Debbie Taylor knows she has to pay the mortgage and utilities. The single, working mother also knows she has three children to feed.
"It's like a feeling of helplessness," said Taylor, 32. "You know something has to suffer, and in most cases it's your food budget."
For Taylor and her children, ages 9, 8 and 6, making ends meet is a day-to-day struggle.
"I work in a grocery store making $5 an hour, and it is just not enough," said Taylor, who lives in a small rowhouse in Westminster.
She, like other Carroll residents defined as "working poor" by Human Services Programs, often is forced to lower the emphasis on essentials, such as food.
While Lynda Gainor, deputy director of Human Services Programs, said no accurate estimates are available for the number of working poor in Carroll, she defined them as "those who are working but still cannot afford to meet their living expenses."
"They usually make minimum wage or slightly above that and are using it for housing, utilities, transportation and, finally, food," Gainor said. Many of them are part-time workers, she added.
Paul Martin, executive officer of Carroll County Food Sunday,a charity that provides food to the needy, said that his three locations in Eldersburg, Taneytown and Westminster have seen an increase in the number of people needing food over last year.
"We averaged 230 families last year, and since the beginning of this year there hasbeen a steady increase," he said.
Carroll Food Sunday offers a balanced menu, including chicken, ham, turkey and other protein items as well as starches and vegetables, to more than 300 people a week.
"Through Aug. 24, we have helped 10,200 families, and through all of last year we helped 12,000 families. Our numbers are still going up," Martin said.
"There is an increasing need in Carroll County to respond to those who are hungry and poor," said the Rev. Mark Lancaster, Western Maryland regional manager for the Maryland Food Committee,a private, non-profit charitable organization.
"Even though Carroll appears to be a fairly prosperous county, there are still a lot of people who are hurting," said the former pastor of Emory United Methodist Church near Fowblesburg.
Housing costs are a primary factor that contribute to hunger among low-income families, said the Maryland Food Committee in its report, "Not by Bread Alone: A Call to End Hunger."
Unlike food and clothing expenses, mortgage or rent payments cannot be reduced. Consequently, when housing costs increase in relation to the income of the household, the food budget is often cut tomake ends meet, the report said.
"After I would pay the bills, there was $40 to $50 a week left over for food and clothing," Taylor said.
It wasn't enough to feed her family. At Social Services, she got food stamps, AFDC (Aid for Financially Dependent Children) and medical insurance, she said. She also received subsidized child care forher three children while she was at work.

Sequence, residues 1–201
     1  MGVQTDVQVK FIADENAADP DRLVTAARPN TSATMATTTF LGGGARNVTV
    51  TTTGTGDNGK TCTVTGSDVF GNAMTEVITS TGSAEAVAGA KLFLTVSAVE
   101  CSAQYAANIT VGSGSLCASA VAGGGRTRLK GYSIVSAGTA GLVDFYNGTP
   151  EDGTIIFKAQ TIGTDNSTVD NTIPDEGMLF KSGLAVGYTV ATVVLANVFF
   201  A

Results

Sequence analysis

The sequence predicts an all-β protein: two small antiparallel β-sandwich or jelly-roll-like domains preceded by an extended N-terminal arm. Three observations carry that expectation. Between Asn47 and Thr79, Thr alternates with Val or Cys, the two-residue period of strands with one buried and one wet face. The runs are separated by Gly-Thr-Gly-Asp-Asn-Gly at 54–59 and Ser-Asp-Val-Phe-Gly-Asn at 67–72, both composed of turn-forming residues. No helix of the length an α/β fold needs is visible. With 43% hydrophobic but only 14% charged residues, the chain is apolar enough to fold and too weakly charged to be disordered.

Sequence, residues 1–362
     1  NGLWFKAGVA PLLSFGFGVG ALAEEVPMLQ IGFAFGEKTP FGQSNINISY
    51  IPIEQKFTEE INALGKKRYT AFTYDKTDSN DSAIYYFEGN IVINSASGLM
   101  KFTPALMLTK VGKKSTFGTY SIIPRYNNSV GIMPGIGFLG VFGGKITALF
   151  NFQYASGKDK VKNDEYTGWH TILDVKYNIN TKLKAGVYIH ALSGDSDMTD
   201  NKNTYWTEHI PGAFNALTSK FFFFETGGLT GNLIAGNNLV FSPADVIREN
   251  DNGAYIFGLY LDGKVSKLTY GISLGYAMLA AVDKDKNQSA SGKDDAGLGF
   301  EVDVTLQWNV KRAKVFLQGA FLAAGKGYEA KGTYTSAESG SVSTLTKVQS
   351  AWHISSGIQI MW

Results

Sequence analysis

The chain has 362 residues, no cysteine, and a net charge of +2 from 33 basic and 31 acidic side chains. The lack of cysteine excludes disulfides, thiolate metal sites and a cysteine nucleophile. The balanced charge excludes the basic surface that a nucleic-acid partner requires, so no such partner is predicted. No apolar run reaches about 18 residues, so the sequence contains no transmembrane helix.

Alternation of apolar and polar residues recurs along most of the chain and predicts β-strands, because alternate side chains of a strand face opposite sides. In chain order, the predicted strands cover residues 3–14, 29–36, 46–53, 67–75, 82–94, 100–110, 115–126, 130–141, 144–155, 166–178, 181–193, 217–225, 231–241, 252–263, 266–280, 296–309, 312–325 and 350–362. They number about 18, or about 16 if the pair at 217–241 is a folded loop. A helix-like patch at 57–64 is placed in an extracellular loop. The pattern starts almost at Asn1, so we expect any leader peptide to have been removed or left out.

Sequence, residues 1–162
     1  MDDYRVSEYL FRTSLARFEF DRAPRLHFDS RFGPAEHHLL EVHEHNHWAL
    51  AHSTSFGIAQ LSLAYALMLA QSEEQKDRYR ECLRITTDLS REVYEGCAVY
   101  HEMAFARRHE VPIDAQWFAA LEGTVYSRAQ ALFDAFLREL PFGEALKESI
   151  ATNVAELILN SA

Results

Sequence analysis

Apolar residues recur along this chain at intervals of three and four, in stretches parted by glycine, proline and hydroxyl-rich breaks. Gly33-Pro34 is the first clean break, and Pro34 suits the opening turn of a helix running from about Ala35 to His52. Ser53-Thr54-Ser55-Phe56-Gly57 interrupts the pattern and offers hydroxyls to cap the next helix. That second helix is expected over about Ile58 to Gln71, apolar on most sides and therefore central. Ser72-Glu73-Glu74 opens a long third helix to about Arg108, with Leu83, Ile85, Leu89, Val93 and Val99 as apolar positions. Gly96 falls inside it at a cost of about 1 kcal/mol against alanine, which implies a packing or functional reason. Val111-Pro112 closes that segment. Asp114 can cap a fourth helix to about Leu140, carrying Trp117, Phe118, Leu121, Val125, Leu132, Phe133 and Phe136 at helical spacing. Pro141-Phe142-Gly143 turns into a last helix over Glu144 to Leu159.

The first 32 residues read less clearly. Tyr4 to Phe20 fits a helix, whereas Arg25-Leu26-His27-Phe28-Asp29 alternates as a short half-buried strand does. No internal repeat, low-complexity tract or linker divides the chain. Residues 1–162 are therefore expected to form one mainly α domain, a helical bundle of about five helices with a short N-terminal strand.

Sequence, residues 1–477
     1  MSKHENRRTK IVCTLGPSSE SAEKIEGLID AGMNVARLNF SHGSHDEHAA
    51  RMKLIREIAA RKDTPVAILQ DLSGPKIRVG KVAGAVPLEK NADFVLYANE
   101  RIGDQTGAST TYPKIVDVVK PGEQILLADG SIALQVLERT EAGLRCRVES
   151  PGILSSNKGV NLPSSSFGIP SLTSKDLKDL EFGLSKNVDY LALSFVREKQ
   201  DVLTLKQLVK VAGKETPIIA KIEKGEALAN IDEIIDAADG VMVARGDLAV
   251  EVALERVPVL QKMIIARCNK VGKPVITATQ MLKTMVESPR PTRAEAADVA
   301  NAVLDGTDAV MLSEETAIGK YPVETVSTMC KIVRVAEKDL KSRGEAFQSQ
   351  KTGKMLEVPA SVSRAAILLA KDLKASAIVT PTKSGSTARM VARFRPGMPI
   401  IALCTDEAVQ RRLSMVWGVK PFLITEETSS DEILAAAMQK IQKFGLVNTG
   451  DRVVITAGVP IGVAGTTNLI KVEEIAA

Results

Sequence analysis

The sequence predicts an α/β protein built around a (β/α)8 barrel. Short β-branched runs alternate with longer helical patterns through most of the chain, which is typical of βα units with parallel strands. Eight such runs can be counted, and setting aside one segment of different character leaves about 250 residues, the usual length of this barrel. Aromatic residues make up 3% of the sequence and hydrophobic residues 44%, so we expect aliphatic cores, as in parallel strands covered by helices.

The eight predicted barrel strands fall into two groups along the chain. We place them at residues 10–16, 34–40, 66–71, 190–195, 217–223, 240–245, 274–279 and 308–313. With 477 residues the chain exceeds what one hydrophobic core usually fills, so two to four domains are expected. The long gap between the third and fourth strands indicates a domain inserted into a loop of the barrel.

Based on figures developed by the Carroll Department of Social Services, feeding a family offour for a week requires almost double Taylor's budget for food.
"It costs $82 a week to feed a family of four a well-balanced, nutritional diet," said David Ensor, assistant director of income maintenance for DSS.
"Children and the elderly have the greatest need, as children are growing and the elderly need the nutrition to maintain good health," he said.
"There should not be anyone on waiting lists for food," Ensor said. "Anyone who needs food can go to Carroll County Food Sunday and get what they need. No one should be turned away."
But some are not able to get assistance or do not know where to turn for help, Gainor said. "They . . . do not come because they feel they are not that bad off or there is someone else out there who needsthe help more than they do," she said.
Some who do seek assistance use those services, typically sponsored by community organizations,that do not require applicants to supply financial information to prove need.
For instance, Jim, a 43-year-old unemployed constructionworker who did not wish to give his last name, said he has gone to soup kitchens for the last few months to get hot meals.
He picks upodd jobs and spends the time between work with friends and family who put him up for days at a time.
"I am lucky that I have people togive me support right now," he said. "It's a rough time, and I appreciate being able to have a place to sleep that doesn't cost me too much.
"I always chip in for food when I can. And if I can't, I go tothe soup kitchens.
"The soup kitchens are a good place to get a hot meal, and you don't have to worry about giving your life story. It's bad enough when you're out of work and your pride is hurting."
Carroll is fortunate in that Human Services, church-sponsored soup kitchens and food cooperatives are responding to the growing need to provide food for the hungry, Lancaster said.